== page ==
1. Oh Matron!

      Re: Same shitty excuses

      I must have misheard my English lessons.

      I thought it went:

      None, some, many, most, all.

      Perhaps you need a piece of cake and a cup of tea.... That will make it alright.

      1. IGotOut Silver badge

        Re: Same shitty excuses

        Parts of London went down, so that IS everyone.

        Keep up.

        1. ChrisC Silver badge

          Re: Same shitty excuses

          And parts of London didn't go down, so that's ALSO everyone. The problem must therefore have had a Schroedinger-esque quality to it, whereby it both did and didn't affect everyone at the same time.

          Keeping up is so hard to do when dealing with logic like this...

  8. Julian 8 Silver badge

    Its been a little flakey over the last couple of weeks with no service status messages and the helpdesk saying it is all fine. One script reader even offered me wireless extenders even though I said I am wired. hey ho

    I did a 30-30-30 reset on my hub which has reset me back to normal speeds, but I have had to do this twice in a year which is odd.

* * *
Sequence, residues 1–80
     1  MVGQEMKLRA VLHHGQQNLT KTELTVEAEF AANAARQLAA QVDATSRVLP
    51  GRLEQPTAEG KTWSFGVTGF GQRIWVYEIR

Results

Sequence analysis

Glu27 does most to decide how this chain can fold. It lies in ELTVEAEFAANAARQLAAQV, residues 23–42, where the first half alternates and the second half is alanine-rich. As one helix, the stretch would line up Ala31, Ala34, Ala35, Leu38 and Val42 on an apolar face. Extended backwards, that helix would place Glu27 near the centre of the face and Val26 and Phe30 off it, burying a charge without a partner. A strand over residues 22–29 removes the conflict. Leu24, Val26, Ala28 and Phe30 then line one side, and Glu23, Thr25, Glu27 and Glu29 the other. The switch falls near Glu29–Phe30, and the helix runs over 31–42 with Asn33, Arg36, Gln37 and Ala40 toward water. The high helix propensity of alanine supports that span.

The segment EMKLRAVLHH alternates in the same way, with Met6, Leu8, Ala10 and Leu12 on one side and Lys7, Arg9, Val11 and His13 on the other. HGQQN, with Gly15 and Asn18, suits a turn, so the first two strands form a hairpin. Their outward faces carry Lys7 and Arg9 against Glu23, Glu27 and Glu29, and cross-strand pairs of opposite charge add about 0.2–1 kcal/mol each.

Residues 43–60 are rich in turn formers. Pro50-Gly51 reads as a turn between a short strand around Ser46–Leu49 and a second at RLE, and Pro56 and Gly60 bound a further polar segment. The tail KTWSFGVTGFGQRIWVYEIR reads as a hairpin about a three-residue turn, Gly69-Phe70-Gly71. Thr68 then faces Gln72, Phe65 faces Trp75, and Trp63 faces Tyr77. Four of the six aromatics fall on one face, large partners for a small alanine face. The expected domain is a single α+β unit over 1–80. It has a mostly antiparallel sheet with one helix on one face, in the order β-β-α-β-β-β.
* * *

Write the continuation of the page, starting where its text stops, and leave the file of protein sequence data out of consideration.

Problem with moving for me is that because Virgin have cabled the area, BT are leaving just the old copper in and the speeds are worse, far worse as my SiL and family will testify (they have BT due to her husbands work) Means we are kind of tied in if we want fast broadband

  9. Anonymous Custard

    Let's play Blockbusters!

    into a mega entity in a "blockbuster merger".

    So they can take the P please, Bob?

  10. MatthewSt

    No SLA?

    Don't know what you're talking about! OFCom have introduced automatic compensation of £8 per day if your connection remains offline for 2 consecutive days... Surely you can't want more than that?

  11. IGotOut Silver badge


    , account managers, hourly up dates, direct access to senior engineers, compensation, fault resolutions, preventive action details, redundant routes.

    Yup my last place had it and so can you.

    Just for £1.5m / year.

    Oh you want that for £20 a month?